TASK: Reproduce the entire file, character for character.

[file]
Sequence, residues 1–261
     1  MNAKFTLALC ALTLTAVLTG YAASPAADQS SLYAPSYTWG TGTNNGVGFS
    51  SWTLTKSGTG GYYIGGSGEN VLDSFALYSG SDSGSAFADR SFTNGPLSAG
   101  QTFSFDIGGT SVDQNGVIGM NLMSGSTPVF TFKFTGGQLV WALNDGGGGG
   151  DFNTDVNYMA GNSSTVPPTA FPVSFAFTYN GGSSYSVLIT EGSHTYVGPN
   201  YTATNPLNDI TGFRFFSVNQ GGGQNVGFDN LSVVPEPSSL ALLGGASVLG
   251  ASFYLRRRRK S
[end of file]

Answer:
Sequence, residues 1–261
     1  MNAKFTLALC ALTLTAVLTG YAASPAADQS SLYAPSYTWG TGTNNGVGFS
    51  SWTLTKSGTG GYYIGGSGEN VLDSFALYSG SDSGSAFADR SFTNGPLSAG
   101  QTFSFDIGGT SVDQNGVIGM NLMSGSTPVF TFKFTGGQLV WALNDGGGGG
   151  DFNTDVNYMA GNSSTVPPTA FPVSFAFTYN GGSSYSVLIT EGSHTYVGPN
   201  YTATNPLNDI TGFRFFSVNQ GGGQNVGFDN LSVVPEPSSL ALLGGASVLG
   251  ASFYLRRRRK S